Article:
Header

UZH-Logo

Maintenance Infos

Protocol for a randomized, placebo-controlled, double-blind clinical trial investigating sacral neuromodulation for neurogenic lower urinary tract dysfunction


Knüpfer, Stephanie C; Liechti, Martina D; Mordasini, Livio; Abt, Dominik; Engeler, Daniel S; Wöllner, Jens; Pannek, Jürgen; Kiss, Bernhard; Burkhard, Fiona C; Schneider, Marc P; Miramontes, Elena; Kessels, Alfons G; Bachmann, Lucas M; Kessler, Thomas M (2014). Protocol for a randomized, placebo-controlled, double-blind clinical trial investigating sacral neuromodulation for neurogenic lower urinary tract dysfunction. BMC Urology, 14(1):65.

Abstract

BACKGROUND
Sacral neuromodulation has become a well-established and widely accepted treatment for refractory non-neurogenic lower urinary tract dysfunction, but its value in patients with a neurological cause is unclear. Although there is evidence indicating that sacral neuromodulation may be effective and safe for treating neurogenic lower urinary tract dysfunction, the number of investigated patients is low and there is a lack of randomized controlled trials.
METHODS AND DESIGN
This study is a prospective, randomized, placebo-controlled, double-blind multicenter trial including 4 sacral neuromodulation referral centers in Switzerland. Patients with refractory neurogenic lower urinary tract dysfunction are enrolled. After minimally invasive bilateral tined lead placement into the sacral foramina S3 and/or S4, patients undergo prolonged sacral neuromodulation testing for 3-6 weeks. In case of successful (defined as improvement of at least 50% in key bladder diary variables (i.e. number of voids and/or number of leakages, post void residual) compared to baseline values) prolonged sacral neuromodulation testing, the neuromodulator is implanted in the upper buttock. After a 2 months post-implantation phase when the neuromodulator is turned ON to optimize the effectiveness of neuromodulation using sub-sensory threshold stimulation, the patients are randomized in a 1:1 allocation in sacral neuromodulation ON or OFF. At the end of the 2 months double-blind sacral neuromodulation phase, the patients have a neuro-urological re-evaluation, unblinding takes place, and the neuromodulator is turned ON in all patients. The primary outcome measure is success of sacral neuromodulation, secondary outcome measures are adverse events, urodynamic parameters, questionnaires, and costs of sacral neuromodulation.
DISCUSSION
It is of utmost importance to know whether the minimally invasive and completely reversible sacral neuromodulation would be a valuable treatment option for patients with refractory neurogenic lower urinary tract dysfunction. If this type of treatment is effective in the neurological population, it would revolutionize the management of neurogenic lower urinary tract dysfunction.

Abstract

BACKGROUND
Sacral neuromodulation has become a well-established and widely accepted treatment for refractory non-neurogenic lower urinary tract dysfunction, but its value in patients with a neurological cause is unclear. Although there is evidence indicating that sacral neuromodulation may be effective and safe for treating neurogenic lower urinary tract dysfunction, the number of investigated patients is low and there is a lack of randomized controlled trials.
METHODS AND DESIGN
This study is a prospective, randomized, placebo-controlled, double-blind multicenter trial including 4 sacral neuromodulation referral centers in Switzerland. Patients with refractory neurogenic lower urinary tract dysfunction are enrolled. After minimally invasive bilateral tined lead placement into the sacral foramina S3 and/or S4, patients undergo prolonged sacral neuromodulation testing for 3-6 weeks. In case of successful (defined as improvement of at least 50% in key bladder diary variables (i.e. number of voids and/or number of leakages, post void residual) compared to baseline values) prolonged sacral neuromodulation testing, the neuromodulator is implanted in the upper buttock. After a 2 months post-implantation phase when the neuromodulator is turned ON to optimize the effectiveness of neuromodulation using sub-sensory threshold stimulation, the patients are randomized in a 1:1 allocation in sacral neuromodulation ON or OFF. At the end of the 2 months double-blind sacral neuromodulation phase, the patients have a neuro-urological re-evaluation, unblinding takes place, and the neuromodulator is turned ON in all patients. The primary outcome measure is success of sacral neuromodulation, secondary outcome measures are adverse events, urodynamic parameters, questionnaires, and costs of sacral neuromodulation.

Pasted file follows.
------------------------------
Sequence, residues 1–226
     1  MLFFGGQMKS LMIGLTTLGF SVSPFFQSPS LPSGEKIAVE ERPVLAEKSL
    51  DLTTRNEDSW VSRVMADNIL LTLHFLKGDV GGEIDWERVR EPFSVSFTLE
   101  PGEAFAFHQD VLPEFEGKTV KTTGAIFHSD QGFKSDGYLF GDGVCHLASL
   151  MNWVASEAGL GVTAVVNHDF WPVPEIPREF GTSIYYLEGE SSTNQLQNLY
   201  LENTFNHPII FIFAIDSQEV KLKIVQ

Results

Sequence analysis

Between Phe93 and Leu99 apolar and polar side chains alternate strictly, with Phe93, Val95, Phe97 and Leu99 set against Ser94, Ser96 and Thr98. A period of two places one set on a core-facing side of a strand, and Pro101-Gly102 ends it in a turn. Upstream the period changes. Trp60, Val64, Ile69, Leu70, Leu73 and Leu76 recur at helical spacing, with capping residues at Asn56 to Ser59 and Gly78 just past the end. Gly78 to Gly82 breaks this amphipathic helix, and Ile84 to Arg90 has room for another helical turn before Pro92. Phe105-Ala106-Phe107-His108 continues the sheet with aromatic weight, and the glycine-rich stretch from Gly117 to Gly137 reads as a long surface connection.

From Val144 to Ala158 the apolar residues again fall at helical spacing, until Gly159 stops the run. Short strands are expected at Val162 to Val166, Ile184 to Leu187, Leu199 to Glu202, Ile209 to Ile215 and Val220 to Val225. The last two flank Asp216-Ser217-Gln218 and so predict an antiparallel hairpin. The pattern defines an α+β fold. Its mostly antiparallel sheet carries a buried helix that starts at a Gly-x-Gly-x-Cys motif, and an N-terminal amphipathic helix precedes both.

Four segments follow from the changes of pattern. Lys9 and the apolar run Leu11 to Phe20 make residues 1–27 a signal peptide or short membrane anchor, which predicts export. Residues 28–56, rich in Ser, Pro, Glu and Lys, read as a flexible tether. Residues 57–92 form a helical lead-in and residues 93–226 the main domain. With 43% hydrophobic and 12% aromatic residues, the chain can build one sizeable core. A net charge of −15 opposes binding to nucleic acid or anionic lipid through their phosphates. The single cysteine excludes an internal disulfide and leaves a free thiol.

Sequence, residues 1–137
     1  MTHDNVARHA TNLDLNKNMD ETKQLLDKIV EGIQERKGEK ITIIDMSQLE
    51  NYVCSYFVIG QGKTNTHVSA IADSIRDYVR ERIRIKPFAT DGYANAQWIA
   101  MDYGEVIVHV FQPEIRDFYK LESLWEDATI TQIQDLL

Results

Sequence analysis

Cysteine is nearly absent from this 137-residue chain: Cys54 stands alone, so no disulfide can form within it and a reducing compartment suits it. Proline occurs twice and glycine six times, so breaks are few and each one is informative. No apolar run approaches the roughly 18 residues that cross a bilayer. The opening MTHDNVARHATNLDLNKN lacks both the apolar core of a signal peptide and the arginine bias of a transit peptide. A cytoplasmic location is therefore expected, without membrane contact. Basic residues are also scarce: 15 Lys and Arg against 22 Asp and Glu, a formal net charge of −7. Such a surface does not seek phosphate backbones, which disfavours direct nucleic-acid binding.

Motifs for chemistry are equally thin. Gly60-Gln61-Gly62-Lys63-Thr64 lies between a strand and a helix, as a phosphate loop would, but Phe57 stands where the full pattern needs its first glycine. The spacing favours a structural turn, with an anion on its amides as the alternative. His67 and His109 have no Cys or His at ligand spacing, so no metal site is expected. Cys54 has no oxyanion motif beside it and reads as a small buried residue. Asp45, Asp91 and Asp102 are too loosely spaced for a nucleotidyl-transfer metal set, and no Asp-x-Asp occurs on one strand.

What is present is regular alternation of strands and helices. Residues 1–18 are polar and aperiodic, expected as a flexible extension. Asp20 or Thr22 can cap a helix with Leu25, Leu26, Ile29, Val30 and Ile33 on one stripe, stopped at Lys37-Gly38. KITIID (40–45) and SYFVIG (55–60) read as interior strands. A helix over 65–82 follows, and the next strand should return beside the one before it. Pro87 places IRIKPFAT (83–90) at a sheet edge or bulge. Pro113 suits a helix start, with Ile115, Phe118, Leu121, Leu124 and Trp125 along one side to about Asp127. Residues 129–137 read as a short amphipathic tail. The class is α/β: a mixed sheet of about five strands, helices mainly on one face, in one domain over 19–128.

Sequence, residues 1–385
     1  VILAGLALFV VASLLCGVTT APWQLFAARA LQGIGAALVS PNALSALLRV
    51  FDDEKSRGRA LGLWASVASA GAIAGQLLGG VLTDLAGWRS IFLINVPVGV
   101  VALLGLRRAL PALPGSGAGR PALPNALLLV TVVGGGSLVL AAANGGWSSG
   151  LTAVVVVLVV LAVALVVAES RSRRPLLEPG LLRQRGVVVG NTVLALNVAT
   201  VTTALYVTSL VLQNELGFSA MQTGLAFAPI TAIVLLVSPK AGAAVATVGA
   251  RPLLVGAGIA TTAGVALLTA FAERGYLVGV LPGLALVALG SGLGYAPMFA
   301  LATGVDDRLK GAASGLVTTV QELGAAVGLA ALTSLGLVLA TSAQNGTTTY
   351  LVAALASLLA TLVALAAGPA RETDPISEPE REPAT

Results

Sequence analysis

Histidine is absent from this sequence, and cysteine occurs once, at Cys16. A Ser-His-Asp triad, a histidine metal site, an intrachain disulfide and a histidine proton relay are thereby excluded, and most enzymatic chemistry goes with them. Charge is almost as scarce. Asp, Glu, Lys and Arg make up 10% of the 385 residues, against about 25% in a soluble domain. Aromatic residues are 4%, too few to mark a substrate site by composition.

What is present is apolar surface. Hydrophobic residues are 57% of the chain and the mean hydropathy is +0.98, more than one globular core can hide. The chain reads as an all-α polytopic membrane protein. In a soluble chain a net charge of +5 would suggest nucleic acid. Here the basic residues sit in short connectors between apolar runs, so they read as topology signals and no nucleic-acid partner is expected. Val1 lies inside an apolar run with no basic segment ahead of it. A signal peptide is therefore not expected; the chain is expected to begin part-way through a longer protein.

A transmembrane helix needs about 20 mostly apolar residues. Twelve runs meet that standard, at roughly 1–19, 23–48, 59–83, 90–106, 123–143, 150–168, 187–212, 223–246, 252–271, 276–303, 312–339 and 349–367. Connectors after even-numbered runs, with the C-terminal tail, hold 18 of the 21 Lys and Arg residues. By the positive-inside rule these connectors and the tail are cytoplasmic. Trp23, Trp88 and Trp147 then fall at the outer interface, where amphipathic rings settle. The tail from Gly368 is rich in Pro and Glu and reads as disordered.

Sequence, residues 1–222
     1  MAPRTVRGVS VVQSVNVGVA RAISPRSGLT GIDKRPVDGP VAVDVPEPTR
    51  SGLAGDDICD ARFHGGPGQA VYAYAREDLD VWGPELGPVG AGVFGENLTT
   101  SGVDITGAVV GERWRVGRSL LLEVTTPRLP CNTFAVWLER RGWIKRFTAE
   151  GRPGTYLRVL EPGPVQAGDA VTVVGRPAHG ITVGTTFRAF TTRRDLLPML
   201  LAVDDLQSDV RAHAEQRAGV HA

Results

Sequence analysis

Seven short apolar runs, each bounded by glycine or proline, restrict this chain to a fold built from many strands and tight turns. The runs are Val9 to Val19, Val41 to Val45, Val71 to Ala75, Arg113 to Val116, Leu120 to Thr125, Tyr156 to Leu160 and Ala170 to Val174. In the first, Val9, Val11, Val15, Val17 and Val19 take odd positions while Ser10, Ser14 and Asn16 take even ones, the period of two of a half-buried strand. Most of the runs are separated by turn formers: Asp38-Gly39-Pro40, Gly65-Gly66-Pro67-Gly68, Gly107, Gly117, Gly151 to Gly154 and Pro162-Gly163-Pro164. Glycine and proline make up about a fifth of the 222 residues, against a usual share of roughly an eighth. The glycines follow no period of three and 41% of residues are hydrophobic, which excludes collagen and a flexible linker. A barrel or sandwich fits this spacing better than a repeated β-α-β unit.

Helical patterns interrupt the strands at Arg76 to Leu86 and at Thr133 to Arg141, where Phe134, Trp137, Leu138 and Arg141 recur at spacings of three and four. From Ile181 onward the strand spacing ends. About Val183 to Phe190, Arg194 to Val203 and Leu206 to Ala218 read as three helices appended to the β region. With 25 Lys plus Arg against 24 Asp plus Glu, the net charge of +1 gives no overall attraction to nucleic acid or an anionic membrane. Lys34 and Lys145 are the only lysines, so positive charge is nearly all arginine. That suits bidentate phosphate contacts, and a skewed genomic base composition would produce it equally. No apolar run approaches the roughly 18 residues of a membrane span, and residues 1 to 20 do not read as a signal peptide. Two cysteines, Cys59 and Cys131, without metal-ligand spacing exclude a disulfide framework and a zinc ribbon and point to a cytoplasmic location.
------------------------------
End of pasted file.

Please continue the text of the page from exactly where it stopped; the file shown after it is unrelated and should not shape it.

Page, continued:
DISCUSSION
It is of utmost importance to know whether the minimally invasive and completely reversible sacral neuromodulation would be a valuable treatment option for patients with refractory neurogenic lower urinary tract dysfunction. If this type of treatment is effective in the neurological population, it would revolutionize the management of neurogenic lower urinary tract dysfunction.

Statistics

Citations

8 citations in Web of Science®
10 citations in Scopus®
Google Scholar™

Altmetrics

Downloads

19 downloads since deposited on 16 Sep 2014
4 downloads since 12 months
Detailed statistics

Additional indexing

Item Type:Journal Article, refereed, original work
Communities & Collections:04 Faculty of Medicine > Balgrist University Hospital, Swiss Spinal Cord Injury Center
Dewey Decimal Classification:610 Medicine & health
Language:English
Date:August 2014
Deposited On:16 Sep 2014 14:37
Last Modified:08 Dec 2017 07:09
Publisher:BioMed Central
ISSN:1471-2490
Free access at:PubMed ID. An embargo period may apply.
Publisher DOI:https://doi.org/10.1186/1471-2490-14-65
PubMed ID:25123172

Download